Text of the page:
Yolanda and Bernice, and Dexter have written books already. They're great kids who will carry on the work of their mother and father in their own way. But she's one of a kind, and there are not many people like her in the world.

GORDON: Indeed. I often called her Black America's first lady, and it is a sad day for all of us. But we should revel in the time that we knew her life and we appreciate --

Mr. YOUNG: I tell you, all she went through, I never heard her complain and I never heard her back away from a challenge. She was tough stuff.

GORDON: Indeed. Andrew Young, thank you very much for your remembrances today.

Mr. YOUNG: Very good. Thanks a lot.

GORDON: Joining me now are two people who also knew her well, author and activist Dick Gregory and Professor Mary Frances Berry of the University of Pennsylvania. I thank you both for joining us. Dick, let me start with you and the idea that this was not an easy life for Mrs. King after her husband's death, because, first and foremost, America, particularly black America, wanted her to remain Dr. King's widow.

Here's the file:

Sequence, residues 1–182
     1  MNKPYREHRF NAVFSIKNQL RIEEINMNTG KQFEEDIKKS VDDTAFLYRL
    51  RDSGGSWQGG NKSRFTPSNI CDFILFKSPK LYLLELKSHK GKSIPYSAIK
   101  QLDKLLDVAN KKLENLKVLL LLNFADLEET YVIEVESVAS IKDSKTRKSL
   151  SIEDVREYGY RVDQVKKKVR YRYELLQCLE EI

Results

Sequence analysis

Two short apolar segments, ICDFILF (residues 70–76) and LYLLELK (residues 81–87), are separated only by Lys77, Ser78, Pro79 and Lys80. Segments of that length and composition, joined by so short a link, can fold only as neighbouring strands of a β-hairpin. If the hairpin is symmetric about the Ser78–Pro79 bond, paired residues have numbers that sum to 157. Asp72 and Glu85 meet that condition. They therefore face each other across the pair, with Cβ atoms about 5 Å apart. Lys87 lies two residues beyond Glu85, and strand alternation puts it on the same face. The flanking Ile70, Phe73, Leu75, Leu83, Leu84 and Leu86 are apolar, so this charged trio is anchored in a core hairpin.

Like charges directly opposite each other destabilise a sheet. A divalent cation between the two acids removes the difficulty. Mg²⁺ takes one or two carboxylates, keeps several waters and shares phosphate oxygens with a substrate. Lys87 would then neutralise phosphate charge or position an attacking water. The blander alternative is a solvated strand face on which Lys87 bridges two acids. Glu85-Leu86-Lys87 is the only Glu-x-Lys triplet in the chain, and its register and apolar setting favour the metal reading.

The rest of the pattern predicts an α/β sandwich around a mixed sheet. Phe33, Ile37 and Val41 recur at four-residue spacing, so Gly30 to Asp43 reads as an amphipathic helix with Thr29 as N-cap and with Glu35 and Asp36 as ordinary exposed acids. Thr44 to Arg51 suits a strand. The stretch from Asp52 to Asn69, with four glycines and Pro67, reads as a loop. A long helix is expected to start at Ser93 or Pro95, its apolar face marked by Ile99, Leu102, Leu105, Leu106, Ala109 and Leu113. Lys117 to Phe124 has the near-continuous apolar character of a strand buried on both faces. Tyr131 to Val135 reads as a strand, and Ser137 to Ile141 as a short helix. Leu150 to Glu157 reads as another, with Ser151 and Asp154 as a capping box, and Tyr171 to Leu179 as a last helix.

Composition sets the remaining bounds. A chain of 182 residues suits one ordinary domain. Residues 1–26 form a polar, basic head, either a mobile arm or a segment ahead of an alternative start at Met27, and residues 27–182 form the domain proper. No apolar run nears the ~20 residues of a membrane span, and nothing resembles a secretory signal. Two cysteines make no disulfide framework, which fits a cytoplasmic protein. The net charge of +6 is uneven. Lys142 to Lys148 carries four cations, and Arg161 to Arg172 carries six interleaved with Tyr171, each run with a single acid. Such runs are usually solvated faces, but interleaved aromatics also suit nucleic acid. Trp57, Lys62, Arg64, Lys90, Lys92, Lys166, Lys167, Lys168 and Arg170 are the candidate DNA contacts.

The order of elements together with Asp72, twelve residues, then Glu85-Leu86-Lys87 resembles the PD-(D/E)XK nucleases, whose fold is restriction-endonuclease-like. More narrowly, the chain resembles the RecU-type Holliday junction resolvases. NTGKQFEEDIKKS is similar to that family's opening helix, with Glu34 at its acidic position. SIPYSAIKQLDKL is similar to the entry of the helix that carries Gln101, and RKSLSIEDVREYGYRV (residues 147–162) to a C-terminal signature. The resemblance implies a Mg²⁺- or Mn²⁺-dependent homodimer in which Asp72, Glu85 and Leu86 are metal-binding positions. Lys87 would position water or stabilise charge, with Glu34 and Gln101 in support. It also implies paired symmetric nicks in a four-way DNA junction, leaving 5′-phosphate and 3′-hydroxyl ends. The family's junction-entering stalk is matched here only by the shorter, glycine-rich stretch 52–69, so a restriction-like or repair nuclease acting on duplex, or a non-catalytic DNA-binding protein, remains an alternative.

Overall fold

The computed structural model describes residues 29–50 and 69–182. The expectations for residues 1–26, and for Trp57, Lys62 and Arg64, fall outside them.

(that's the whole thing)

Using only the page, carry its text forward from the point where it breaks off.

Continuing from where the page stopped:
Mr. DICK GREGORY (Author and Activist): Yes. Well, let me just say, as sad as this day is, it's kind of a happy day for me the fact that she was able to die from natural causes. By that I mean she wasn't gunned down; she wasn't shot in the church the same day King's mother was; and she was out there on that front line. She made as many white folks mad as he did, because she wasn't in the background. She was there on the front line. And who would have ever believed four days after his death she would be leading a march in Memphis.

And the fact that she was able, with no bitterness--as many times as I was around her, no bitterness, no meanness, just kindness and that gentleness; and I used to just love to talk with her, just make her laugh. I was with her in the hospital, and it was kind of sad that she couldn't talk and answer me when I was talking to her. But we had fun that day.

GORDON: Mary Frances Berry, let me ask you this. Here's the remarkable thing about this woman. When we look back historically, as much as Dr. King did, here is a woman who remained on the front lines, obviously because of his death, much longer and kept the Civil Rights Movement in the fore.